Midlife approaches to reduce dementia risk

Potentially up to a third of dementia cases may be attributable to potentially modifiable lifestyle risk factors.

reduce risk
Image source: publichealthmatters.blog.gov.uk

This is the fourth edition of PHE’s Health Matters, a resource for public health professionals, which brings together important facts, figures and evidence of effective interventions to tackle major public health problems.

This edition focuses on midlife approaches to reduce the risk of developing dementia, and the importance of moving away from thinking of dementia as simply an inevitable part of ageing.

Related Guidance: Health matters: midlife approaches to reduce dementia risk

Virtual Reality Rehabilitation Pilot for Salford Residents with Dementia (Trustech / BASIC / CAREN)

Dementia and Elderly Care News


A virtual reality system permits people with mild to moderate dementia to participate in engaging life-sized interactive games and activities, with a view to improving their levels of physical activity, independence and confidence. The pilot project, operated by the local brain injury charity “Basic”, is called “Virtual Adventures” and has been funded by NHS Salford CCG.

Full Text Link


The virtual reality for Salford residents living with dementia. Manchester: TRUSTECH, February 23rd 2016.

See also:

Full Text Link


The CAREN (Computer Assisted Rehabilitation Environment). Salford: BASIC Brain and Spinal Injury Centre, 2016.

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Evaluation of ‘Dementia Friends’ programme for undergraduate nursing students: Innovative practice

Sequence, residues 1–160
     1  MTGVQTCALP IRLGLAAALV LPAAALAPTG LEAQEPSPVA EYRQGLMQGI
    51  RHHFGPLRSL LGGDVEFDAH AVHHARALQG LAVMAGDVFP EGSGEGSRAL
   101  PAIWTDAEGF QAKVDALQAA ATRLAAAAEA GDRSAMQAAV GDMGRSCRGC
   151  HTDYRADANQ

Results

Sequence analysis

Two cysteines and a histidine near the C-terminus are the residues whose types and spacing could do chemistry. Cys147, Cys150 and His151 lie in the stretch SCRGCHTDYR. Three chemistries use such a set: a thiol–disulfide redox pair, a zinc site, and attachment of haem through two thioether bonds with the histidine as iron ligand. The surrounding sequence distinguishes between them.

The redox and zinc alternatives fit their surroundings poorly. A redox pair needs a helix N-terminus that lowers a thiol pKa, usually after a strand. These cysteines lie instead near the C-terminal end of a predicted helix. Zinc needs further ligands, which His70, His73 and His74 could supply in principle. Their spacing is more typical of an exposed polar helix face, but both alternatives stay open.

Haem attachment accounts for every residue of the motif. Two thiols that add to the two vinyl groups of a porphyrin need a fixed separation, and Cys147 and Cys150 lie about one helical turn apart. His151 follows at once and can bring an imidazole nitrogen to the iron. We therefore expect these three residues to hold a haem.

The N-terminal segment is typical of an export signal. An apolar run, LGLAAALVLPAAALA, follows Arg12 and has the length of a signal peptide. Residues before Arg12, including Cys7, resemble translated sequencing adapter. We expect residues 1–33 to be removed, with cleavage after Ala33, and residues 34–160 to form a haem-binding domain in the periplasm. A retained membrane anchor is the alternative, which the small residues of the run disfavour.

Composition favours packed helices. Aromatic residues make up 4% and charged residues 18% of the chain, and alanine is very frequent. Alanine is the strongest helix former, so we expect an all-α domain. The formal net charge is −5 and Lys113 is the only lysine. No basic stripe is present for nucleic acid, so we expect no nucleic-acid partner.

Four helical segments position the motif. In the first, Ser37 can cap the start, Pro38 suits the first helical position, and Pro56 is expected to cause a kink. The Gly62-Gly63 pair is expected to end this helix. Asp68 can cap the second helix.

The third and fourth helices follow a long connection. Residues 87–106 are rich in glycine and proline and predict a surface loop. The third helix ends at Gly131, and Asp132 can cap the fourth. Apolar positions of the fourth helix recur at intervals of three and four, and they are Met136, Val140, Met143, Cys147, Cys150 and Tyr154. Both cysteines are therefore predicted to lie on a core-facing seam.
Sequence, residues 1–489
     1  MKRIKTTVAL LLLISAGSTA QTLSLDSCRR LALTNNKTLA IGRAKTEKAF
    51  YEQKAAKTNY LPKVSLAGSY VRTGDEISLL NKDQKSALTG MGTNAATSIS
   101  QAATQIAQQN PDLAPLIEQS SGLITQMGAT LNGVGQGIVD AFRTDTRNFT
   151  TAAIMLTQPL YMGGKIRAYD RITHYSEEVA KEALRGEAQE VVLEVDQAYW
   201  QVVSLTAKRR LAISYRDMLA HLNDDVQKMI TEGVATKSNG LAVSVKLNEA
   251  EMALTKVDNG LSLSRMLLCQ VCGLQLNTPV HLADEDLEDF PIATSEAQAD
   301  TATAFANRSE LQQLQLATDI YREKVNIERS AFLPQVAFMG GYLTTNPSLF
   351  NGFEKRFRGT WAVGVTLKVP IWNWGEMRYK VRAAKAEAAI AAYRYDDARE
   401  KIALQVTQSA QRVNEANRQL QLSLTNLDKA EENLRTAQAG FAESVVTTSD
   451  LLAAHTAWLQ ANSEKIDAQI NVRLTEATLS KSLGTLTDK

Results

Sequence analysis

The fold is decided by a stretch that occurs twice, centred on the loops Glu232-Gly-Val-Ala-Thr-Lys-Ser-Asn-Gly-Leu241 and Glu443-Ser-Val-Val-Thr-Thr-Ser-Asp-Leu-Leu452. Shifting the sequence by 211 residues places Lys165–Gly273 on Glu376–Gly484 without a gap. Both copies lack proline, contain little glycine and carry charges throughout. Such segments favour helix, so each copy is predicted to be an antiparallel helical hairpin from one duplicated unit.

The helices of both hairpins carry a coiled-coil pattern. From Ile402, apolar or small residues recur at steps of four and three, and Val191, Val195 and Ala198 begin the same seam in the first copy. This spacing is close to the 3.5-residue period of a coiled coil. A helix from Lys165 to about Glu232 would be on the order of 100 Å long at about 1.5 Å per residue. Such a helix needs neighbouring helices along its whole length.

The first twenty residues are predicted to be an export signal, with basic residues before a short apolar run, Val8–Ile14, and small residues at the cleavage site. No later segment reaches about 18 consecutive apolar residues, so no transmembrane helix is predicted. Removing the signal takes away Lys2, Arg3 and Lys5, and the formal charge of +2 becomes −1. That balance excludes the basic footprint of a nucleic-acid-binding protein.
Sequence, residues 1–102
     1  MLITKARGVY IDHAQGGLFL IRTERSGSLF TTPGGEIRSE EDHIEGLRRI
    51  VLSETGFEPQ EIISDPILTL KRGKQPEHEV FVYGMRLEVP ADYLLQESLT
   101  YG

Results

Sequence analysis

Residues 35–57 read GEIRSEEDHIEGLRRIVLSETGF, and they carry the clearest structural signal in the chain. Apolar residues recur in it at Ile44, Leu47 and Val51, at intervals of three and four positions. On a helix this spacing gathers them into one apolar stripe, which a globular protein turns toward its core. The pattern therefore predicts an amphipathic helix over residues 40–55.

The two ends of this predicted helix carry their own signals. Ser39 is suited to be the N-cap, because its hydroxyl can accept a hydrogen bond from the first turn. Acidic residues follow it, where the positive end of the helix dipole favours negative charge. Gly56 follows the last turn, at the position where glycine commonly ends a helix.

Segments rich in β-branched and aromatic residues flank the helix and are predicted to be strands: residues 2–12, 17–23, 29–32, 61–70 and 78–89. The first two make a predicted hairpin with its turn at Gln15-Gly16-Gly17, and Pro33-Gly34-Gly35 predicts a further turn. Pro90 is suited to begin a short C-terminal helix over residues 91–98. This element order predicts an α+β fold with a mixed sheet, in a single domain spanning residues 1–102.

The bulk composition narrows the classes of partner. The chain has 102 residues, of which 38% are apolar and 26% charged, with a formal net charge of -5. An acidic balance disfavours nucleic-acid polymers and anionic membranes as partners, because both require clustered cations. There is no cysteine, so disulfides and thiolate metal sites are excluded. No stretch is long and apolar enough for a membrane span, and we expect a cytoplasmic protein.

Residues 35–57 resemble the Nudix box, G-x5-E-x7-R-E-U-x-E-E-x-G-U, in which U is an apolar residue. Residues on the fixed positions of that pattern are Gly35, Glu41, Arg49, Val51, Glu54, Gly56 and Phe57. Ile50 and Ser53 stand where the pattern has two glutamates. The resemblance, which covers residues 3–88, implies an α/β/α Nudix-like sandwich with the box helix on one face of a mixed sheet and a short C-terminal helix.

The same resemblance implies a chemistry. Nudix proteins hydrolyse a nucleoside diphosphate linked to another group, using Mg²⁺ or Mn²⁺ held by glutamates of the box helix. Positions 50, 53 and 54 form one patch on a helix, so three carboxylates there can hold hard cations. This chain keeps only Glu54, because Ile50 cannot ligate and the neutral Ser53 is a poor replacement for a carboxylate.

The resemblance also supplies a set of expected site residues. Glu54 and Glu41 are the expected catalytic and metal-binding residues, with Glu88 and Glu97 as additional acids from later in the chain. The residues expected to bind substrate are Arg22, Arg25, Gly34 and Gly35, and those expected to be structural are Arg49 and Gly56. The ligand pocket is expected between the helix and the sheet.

Mitchell, G. & McCreevy, J. Dementia. Published online: March 14 2016

Image source: Number 10

The ‘dementia friends’ programme was launched by the Alzheimer’s Society in the UK two years ago with the purpose of educating members of the public about the things they can do which can enhance the lives of people living with dementia. The aim of this project was to deliver a two-hour ‘Dementia Friendly Community Workshop’ written by the Alzheimer’s Society, to an entire cohort of first-year undergraduate nursing students in one Higher Education Institutions in Northern Ireland.

Following delivery of the programme, students were asked to complete a short questionnaire on their knowledge and confidence in relation to dementia care before and after the Dementia Friendly Community programme. A total of 322 undergraduate first-year nursing students took part in the Dementia Friendly Community programme. Of these, 304 returned questionnaires; 31.25% of students stated their perceived improvement in dementia knowledge was ‘good’ while 49.01% stated their perceived improvement in dementia knowledge was ‘very good’ and 13.49% stated their perceived improvement in dementia knowledge was ‘excellent’. In relation to confidence in engaging with people with dementia, 31.91% stated ‘good’ improvement, 40.79% stated ‘very good’ improvement and 11.84% stated ‘excellent’ improvement.

The Dementia Friendly Community programme was positively reviewed by the undergraduate students as it enhanced knowledge and confidence in relation to care of someone living with dementia.